MILWAUKEE (WITI) -- The Marquette community says goodbye to James Foley. Hundreds on Tuesday, April 26th filled the Church of the Gesu near Marquette's campus to reflect on Foley's life. This, after he was murdered last week at the hands of terrorists from the Islamic state. During the vigil, Foley's close friends reflected on the man behind the news headlines.
Foley graduated from Marquette University in 1996. During his time there, he developed a close group of friends, who are now helping each other through this difficult time.
By now, the world has heard of James Foley, the journalist. But inside the Church of the Gesu on Tuesday, friends from Marquette remembered their friend, "Jim."
"Jimmy, I`m looking out in the Gesu. I`ve never seen this place so full. So many people are here," Foley's friend Tom Durkin said.
Foley's closest friends from college sat in the front row during Tuesday's vigil. Durkin spoke on their behalf -- reciting a letter he wrote to Jim.
"Jimmy man, I miss you. I want one more hug, one more phone call, one more trip, one more adventure," Durkin said.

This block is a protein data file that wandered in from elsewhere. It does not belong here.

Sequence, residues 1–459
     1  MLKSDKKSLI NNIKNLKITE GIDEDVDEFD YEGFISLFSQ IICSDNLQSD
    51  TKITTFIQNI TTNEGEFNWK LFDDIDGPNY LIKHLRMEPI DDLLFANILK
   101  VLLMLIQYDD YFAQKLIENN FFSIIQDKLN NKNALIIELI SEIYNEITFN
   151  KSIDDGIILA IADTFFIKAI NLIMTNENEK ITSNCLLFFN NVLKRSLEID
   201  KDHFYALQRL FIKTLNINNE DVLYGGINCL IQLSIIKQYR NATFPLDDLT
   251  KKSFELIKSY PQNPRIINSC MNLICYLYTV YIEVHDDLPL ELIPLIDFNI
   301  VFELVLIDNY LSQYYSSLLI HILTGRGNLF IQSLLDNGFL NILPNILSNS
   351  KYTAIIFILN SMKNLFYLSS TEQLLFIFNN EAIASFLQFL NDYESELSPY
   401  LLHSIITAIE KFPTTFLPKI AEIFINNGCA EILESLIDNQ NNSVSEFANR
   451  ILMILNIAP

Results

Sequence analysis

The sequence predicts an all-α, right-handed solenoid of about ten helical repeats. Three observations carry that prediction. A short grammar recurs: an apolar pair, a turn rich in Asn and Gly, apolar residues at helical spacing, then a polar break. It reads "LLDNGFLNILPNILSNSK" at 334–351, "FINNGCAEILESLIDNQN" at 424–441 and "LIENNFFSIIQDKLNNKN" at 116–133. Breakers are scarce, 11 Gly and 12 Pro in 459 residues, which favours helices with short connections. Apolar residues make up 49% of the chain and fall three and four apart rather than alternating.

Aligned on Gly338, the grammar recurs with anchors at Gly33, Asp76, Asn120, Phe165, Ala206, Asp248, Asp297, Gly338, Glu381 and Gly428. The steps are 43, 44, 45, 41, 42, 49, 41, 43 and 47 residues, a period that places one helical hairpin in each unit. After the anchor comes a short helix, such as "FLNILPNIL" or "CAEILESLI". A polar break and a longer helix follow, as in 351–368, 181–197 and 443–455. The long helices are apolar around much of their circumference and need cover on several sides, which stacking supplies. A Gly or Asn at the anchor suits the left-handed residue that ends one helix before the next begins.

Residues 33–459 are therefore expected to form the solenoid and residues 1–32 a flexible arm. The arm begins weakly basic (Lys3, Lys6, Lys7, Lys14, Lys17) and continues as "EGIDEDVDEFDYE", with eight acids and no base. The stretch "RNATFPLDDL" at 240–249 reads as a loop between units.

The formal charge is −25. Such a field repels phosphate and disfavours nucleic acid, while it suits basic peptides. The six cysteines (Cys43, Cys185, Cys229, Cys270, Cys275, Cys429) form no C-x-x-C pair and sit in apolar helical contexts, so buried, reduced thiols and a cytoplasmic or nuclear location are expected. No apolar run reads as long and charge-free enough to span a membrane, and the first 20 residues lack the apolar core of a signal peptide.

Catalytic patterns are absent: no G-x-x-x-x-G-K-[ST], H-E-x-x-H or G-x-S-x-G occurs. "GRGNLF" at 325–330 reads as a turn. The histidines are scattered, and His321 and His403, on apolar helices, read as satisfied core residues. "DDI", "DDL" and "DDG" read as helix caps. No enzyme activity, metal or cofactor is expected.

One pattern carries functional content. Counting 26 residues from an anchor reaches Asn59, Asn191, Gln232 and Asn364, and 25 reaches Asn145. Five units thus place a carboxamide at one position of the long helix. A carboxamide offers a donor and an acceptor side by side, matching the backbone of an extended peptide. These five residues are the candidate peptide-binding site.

Friends describe the real person behind the conviction and strength seen in pictures and news reports.
"Everyone talks about his extreme bravery and his courage in the face of everything he did. No one has touched on what a wonderful friend and what a deeply, deeply truly funny person he was," Foley's friend, Mike Keating said.
Friends say they'll remember Foley's curiosity and his fight for the underdog. They've been a comfort to each other since his death.
"Through Marquette and afterwards, we kind of think of it as a brotherhood, like band of brothers and that`s what makes it special, but it also makes it hard when you lose someone like that," Foley's friend, Dan Hanrahan said.
Bag pipes welcomed hundreds to the vigil -- a nod to Foley's Irish heritage.
Inside the Church of the Gesu, prayers were said for journalists who serve in war zones.
The Marquette Dean of Communications spent time with Foley during his last visit to campus -- and thanked him for his service to his craft.
"To tell the stories of human lives and human history. To tell the stories of truth that make a difference. God Bless James Foley," Dr. Lori Bergen said.
Foley came back to campus as recently as 2011 to speak with students.